Saturday, August 16, 2014

Tutorial-How To Make A Tufted Doll Bed Mattress With Piping

Aletha & Miss Jane are looking forward
to snuggling down for a good nights sleep in their
new bed.  It's a comfy spot for reading too.

The mattress has been tufted & the
bedding is finished.

 When I was a young girl & spent time at my Grandad's
cabin, I slept in the screened porch on an old iron bed
that had a feather mattress & one large feather
bolster pillow.  I have to say, the best sleepin' ever, is bein'
on your Grandad's porch, swallowed up by a feather mattress,
with a cool summer night's breeze blowing & not a care
in the world!

I stitched some simple warm flannel sheets
& pillow cases.

My "first" quilt fits well enough for now.

Aletha & Miss Jane love the little English cottages,
it reminds them of their favorite author's home, Hill Top.

Learn more about Beatrix Potter's life here:
  Peter Rabbit 

Making the mattress was really very simple.
To get the appropriate size for the top and bottom pieces,
 I measured the length and width of the interior of
the bed.  I added a seam allowance on both sides and
 both ends for the final measurement.  I cut 2 pieces,
 the top and bottom of the mattress.
 I measured all around the top piece and doubled
that to get the length needed for the piping.  I added
a few inches for overlapping the ends together.
 I cut a long strip of fabric for the piping.  I actually
had to stitch a couple pieces together to get the
length needed.  I basted the cording inside the strip.
(Use cording appropriate for the size of mattress).

To make the "side" panel of the mattress, I decided how
 tall I wanted it to be, then added a seam allowance to the top
and bottom.  I then cut enough strips to go all around the
top panel adding a seam allowance at the ends.
I had to stitch together a couple pieces to have
enough.  I matched the stripes.

I marked my stitching lines on the top
& bottom pieces of the mattress.  I cut out a
small cardboard template to mark my
curved corners.  Much easier than
a square corner.
I pinned, then basted piping to the right
 side of the mattress top. Be sure to attach the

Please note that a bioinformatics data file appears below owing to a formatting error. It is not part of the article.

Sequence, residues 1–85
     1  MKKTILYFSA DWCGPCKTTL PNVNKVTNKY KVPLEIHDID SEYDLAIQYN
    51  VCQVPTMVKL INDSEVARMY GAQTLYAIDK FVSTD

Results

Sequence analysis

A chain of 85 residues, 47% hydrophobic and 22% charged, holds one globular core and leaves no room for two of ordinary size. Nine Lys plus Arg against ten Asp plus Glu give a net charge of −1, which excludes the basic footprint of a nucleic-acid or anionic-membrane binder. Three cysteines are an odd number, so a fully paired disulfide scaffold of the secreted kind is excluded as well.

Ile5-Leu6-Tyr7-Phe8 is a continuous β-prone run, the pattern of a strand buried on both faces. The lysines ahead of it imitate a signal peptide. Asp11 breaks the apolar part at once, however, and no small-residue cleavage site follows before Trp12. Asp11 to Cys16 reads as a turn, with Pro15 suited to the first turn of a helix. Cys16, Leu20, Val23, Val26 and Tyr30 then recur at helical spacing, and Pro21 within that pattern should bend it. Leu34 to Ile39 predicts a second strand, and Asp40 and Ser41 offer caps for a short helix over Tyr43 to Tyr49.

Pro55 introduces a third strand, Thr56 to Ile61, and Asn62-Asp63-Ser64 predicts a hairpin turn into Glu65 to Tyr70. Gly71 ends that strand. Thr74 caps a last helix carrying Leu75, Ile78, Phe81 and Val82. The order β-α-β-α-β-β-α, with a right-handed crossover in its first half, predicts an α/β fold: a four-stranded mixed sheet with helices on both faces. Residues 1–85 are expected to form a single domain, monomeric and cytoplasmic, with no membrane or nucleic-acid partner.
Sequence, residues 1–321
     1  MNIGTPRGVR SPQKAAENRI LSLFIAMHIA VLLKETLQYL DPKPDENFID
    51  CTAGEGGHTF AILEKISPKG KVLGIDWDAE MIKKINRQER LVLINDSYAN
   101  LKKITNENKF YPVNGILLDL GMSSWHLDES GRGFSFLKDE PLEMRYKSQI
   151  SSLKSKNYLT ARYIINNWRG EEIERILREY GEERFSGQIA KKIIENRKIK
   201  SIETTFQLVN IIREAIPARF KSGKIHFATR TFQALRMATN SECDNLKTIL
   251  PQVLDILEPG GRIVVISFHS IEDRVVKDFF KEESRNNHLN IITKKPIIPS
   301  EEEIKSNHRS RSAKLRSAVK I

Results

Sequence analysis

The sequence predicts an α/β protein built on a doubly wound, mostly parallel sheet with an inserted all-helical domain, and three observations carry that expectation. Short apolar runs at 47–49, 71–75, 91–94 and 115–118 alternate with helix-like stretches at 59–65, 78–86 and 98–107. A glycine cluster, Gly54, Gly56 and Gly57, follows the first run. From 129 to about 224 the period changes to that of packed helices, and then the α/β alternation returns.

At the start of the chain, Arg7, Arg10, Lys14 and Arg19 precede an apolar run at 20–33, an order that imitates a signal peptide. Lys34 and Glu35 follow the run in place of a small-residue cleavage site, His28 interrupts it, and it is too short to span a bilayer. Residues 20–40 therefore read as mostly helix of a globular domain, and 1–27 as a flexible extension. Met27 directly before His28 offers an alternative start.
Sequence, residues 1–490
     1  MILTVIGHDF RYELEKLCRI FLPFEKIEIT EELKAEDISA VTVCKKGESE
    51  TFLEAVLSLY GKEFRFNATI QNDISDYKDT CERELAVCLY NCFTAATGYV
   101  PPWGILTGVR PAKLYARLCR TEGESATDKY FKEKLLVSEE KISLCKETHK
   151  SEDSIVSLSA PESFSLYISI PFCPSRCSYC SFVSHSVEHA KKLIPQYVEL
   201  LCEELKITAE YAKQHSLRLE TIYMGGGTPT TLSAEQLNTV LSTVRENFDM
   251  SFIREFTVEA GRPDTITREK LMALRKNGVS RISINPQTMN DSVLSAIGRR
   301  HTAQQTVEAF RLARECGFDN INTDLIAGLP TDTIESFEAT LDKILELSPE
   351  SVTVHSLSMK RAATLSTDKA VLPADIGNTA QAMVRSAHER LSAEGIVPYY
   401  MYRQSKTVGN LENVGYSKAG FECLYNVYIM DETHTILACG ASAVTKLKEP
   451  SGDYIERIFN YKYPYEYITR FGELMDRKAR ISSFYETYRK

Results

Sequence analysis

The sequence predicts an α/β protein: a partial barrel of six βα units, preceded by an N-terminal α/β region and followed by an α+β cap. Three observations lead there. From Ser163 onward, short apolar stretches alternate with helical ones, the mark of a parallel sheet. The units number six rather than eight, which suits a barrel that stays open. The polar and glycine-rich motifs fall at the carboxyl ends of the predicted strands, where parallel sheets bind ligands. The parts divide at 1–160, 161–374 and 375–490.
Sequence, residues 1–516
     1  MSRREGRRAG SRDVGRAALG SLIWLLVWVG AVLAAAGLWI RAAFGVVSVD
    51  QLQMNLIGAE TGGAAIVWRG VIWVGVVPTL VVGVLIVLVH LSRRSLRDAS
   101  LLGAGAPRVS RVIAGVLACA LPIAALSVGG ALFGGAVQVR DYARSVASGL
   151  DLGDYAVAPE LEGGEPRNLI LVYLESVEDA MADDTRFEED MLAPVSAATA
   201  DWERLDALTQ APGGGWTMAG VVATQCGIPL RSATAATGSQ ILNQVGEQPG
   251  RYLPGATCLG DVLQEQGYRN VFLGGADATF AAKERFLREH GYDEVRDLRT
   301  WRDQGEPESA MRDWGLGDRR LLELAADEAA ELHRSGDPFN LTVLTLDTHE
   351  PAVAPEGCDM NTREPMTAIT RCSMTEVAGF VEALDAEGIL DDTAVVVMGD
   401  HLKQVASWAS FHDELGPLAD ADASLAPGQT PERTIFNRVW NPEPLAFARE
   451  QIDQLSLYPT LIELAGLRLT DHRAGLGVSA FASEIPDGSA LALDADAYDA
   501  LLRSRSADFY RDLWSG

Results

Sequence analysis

piping right next to the drawn stitching line.
 Large basting stitches that don't need to be
neat and pretty.
This is how I butted the ends of the piping
strips together.
Fold the end of the bottom section toward the inside
about 1/4 inch.  Lay the other end on top, butt the 
cording together, fold over and pin.
 I couldn't exactly match the fabric pattern,
but I got close.
I clipped all curves throughout the entire process.
Piping basted to the top.
Next step, I pinned then basted the side panel to the top.
Right sides together.
Then I pinned and basted piping to the bottom
 of the side.  Right sides together.
Top and sides with all piping basted.
I pinned then basted the bottom of the mattress to the
bottom of the side panel, leaving a large opening
for stuffing.  Again, with right sides together.
I stitched the seams with off white button hole thread
 in a back stitch.  Then removed all the basting stitches.
Ticking is a heavier fabric, regular thread just
didn't seem strong enough.
I nearly stole my hubby's feather pillow for the
stuffing, but I thought he might not appreciate the
importance of feathers in the dolly's mattress, so
 I used polyester stuffing.  I turned it right side
out and I stuffed it full, then closed the opening
with a ladder stitch.
How To Sew A Ladder Stitch 
This is the placement of the buttons I
used for tufting the mattress.

I marked the top and bottom panels with X's.

I covered 8 shank buttons for the top and
chose 8 smaller red shank buttons for the
bottom of the mattress.
Covering small buttons with heavier ticking
fabric was a chore, I gave up after 8!!!!
I used a long length of button hole thread doubled
to tie the top & bottom buttons together. I used
 a very long upholstery needle with a big eye.
I started by inserting my needle into the bottom X.

Coming out in the corresponding X on the
top of the mattress.  (Don't pull the thread
all the way through) 

I threaded the button, re inserted the needle
next to the first thread, coming out in the X
on the bottom.

 I threaded the bottom button.
 (Slightly off, but it won't show!)
Then I pulled the 2 buttons closer together, to
get the tufting look.
 I tied several knots under the bottom button.
Then re threaded all 4 lengths of thread onto
my needle, inserted the needle just underneath
the button and buried the thread ends inside
the mattress.  I repeated this with all the
pairs of buttons.
This is the bottom of the mattress.
It's lump bumpy, but so was the
feather mattress I slept on as a child.
The covered buttons look really nice, so it
was worth all the aggravation.
I had hoped to sew this on the machine, but my
piping foot wasn't big enough for the size cording I chose, 
even by hand it wasn't difficult.  
My mother once told me that sewing was lots & lots of 
planning, measuring, cutting, fitting, pinning, & basting,
with a little bit of sewing thrown in at the end.  
Oh, so true!
 
 Happy Sewing

Saturday, August 9, 2014

Project Update--Brown Bag Mold

The mattress for the large doll bed is ready
 to be tufted.  I made a large bolster pillow and a
 couple of smaller ones.  Hopefully, I'll finish it up 
this week & do a simple tutorial in my next post.
Our eccentric neighbor, an avid member of the
White River Valley Historical Society, has 
convinced me to write a family history for
their upcoming book about the families of Taney
 County.  Deadline is the end of August.  Oh my,
another project!  I'm beginning to wonder when I'll 
get one finished.  That will probably happen when........
When Pigs Fly-1993
5 inches tall
7 1/2 inches wide
~~~~~~~~~~~~~~~~~~~~~
Happy Sewing!